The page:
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Click on the videos below to learn more about some of our Hood Ornaments!

History of Hood Ornaments

Did You Know?

Back in the day, cars had their radiator caps outside of the hood and on top of the grill. The Motometer was used as a thermometer and screwed into the radiator cap. Over time the Motometer became more stylish, and the hood ornament was born as a way to decorate the cap. Hood ornaments were popular in the 1920s, 1930s, 1940s, and 1950s with many auto manufacturers fitting them to their vehicles. Now hood ornaments are widely used on golf carts, cars, pick ups, and semi trucks as a way to add a personal touch with style!

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Click on a Hood Ornament to learn more about it:

The Motometer

History of The Motometer The hood ornament pioneer. Before the Motometer was a hood ornament, it was essentially a thermometer that screwed into the radiator cap and kept the driver informed of the engine temperature.

Motometers began to get more stylish as automakers added knobs, wings, and other decorations.

In the 1920's, temperature gages moved to the inside of the vehicle and Motometers started becoming unnecessary. Radiators were also now protected by a grill. Despite this, the radiator cap was kept outside of the hood, at the top of the grill turning the Motometer from a necessity into a classic design element.

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The Angry Duck

History of The Angry Duck Created from the same mold as the duck in the movies Convoy and Death Proof! Convoy was released in 1978 and was directed by the acclaimed director, Sam Peckinpah. It was quickly heralded as a cult-classic among truckers and propelled the acting career of Kris Kristofferson (Martin "Rubber Duck" Penwald) the star of the film.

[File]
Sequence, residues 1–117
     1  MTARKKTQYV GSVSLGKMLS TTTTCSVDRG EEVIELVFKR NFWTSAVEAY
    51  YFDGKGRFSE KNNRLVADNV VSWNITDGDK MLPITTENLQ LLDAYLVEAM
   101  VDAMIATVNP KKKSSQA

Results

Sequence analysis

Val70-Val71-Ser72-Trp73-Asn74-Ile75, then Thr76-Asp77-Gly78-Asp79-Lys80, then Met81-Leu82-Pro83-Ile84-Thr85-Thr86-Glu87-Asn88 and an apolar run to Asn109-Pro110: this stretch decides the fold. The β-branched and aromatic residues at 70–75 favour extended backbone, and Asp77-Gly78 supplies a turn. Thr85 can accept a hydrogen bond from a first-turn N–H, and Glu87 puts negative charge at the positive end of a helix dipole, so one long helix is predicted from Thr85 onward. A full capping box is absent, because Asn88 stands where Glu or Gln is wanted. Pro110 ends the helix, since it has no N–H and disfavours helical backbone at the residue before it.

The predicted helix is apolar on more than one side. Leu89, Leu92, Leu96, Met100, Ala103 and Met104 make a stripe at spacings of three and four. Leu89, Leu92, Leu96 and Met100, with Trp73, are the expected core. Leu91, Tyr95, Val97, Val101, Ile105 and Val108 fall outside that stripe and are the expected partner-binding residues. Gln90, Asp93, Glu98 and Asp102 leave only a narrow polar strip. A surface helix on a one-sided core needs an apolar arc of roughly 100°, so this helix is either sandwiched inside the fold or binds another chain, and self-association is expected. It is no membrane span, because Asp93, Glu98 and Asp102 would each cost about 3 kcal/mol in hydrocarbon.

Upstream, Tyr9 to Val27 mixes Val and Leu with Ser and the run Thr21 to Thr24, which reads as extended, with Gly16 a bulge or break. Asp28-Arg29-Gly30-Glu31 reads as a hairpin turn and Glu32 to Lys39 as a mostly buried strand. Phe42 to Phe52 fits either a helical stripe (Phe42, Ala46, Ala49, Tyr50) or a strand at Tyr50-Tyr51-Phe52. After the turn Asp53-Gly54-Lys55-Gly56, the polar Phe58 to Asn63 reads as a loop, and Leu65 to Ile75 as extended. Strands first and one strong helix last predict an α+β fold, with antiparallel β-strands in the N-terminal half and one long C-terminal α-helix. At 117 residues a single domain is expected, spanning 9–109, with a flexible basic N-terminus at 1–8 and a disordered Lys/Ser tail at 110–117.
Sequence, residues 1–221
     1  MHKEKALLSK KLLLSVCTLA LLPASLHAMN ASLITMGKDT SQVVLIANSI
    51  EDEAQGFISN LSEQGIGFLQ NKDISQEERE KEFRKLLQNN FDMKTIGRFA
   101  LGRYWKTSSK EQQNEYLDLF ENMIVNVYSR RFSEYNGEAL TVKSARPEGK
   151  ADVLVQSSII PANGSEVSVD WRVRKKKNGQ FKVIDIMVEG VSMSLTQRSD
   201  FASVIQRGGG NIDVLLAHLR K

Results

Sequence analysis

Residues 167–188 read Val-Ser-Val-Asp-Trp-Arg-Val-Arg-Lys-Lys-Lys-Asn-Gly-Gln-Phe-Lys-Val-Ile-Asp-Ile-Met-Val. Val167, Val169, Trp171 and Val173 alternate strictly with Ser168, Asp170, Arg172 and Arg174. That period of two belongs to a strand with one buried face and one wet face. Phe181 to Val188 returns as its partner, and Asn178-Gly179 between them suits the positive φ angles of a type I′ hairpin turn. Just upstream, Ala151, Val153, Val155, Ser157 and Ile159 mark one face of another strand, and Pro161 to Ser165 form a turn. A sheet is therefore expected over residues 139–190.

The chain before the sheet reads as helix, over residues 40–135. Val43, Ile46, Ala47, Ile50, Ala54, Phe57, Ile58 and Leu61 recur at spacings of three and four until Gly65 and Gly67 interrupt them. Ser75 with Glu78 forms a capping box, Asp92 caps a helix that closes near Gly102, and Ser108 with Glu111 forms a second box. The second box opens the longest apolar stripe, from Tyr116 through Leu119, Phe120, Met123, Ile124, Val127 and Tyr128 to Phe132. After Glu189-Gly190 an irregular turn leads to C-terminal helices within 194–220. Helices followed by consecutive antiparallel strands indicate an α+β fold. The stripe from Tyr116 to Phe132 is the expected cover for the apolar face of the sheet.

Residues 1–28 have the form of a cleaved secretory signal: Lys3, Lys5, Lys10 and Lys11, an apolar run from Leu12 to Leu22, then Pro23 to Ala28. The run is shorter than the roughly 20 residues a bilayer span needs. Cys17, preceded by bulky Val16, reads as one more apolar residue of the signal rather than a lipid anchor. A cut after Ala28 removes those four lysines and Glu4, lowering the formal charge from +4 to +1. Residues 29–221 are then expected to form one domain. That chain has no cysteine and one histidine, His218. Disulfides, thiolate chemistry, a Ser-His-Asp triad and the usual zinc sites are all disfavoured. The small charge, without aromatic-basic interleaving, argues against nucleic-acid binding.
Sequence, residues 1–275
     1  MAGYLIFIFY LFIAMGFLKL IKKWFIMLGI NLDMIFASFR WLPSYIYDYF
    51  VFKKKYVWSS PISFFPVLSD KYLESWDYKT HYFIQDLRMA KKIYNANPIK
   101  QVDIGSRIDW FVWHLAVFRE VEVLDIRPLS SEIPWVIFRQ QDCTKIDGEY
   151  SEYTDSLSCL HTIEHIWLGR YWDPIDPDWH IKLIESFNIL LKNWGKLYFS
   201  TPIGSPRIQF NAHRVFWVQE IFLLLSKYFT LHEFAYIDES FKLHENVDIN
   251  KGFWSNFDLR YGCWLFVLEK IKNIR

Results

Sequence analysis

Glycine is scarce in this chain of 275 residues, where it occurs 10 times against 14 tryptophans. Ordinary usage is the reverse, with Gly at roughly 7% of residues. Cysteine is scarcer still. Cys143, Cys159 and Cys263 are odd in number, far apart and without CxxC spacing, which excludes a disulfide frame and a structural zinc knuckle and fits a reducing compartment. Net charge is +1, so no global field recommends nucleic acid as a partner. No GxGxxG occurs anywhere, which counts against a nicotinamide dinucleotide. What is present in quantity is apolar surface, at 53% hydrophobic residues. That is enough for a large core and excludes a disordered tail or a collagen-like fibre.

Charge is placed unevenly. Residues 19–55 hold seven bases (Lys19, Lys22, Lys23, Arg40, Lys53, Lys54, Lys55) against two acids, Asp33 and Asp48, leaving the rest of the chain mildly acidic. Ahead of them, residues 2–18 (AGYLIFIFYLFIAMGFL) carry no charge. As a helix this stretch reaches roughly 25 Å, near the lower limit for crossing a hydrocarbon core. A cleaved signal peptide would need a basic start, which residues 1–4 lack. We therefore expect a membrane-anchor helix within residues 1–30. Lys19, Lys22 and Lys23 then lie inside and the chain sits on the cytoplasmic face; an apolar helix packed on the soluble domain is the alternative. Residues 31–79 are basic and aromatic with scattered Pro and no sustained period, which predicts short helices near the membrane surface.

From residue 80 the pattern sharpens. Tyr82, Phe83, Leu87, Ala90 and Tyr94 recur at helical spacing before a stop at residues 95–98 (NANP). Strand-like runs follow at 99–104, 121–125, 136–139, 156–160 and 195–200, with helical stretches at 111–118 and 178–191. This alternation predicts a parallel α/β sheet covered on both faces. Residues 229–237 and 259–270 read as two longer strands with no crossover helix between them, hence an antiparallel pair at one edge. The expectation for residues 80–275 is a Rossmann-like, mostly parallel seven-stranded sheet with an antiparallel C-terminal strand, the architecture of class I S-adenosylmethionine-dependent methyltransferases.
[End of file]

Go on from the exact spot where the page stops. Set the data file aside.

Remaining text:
The iconic "Angry Duck" featured on the hood of Martin Penwalds Mack truck has been a symbol of the spirit of adventure and renegade lifestyle from the movie.

Director Quentin Tarantino loved the film Convoy so much he used the same hood ornament on the main vehicle in his 2007 movie Death Proof. This further cemented the Duck's status as the coolest hood ornament of all time.

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The Mack Bulldog

History of The Mack Bulldog The Bulldog first became associated with Mack Trucks during World War I. British soldiers nicknamed the Mack AC models used in the Allied effort "Bulldog Macks" because of their tenacity. The Bulldog moniker stuck from that point on.

Years later in 1932, Alfred Fellows Masury, a chief engineer at Mack Trucks, was in the hospital for surgery. Not one to be idle for long, during his recovery, Masury hand-carved the first model of the now iconic Bulldog hood ornament out of a bar of soap. Once released from the hospital, Masury applied for a patent on his design. The patent was granted Oct. 11, 1932. Masury was killed in the crash of U.S. Navy airship Akron in 1933, the same year the Bulldog hood ornament began adorning Mack trucks. The hood ornament functions as a grip for opening the hood of the truck.

"For 80 years, the Bulldog hood ornament has been a symbol of the durability and reliability customers expect from Mack," said Kevin Flaherty, president, Mack Trucks North American Sales & Marketing. "We're proud of our heritage and that the Bulldog has become so widely recognized - and we tip our hats to Alfred Masury for his contribution to our legacy."

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The Swan

History of The Swan The Swan made it's debut on a Packard automobile. Packard used a number of graceful bird hood ornaments, some referred to as swans, others as cormorants, with longer necks and down turned heads.

Packard was an American luxury automobile marque built by the Packard Motor Car Company of Detroit, Michigan, and later by the Studebaker-Packard Corporation of South Bend, Indiana. The first Packard automobiles were produced in 1899, and the last in 1958.

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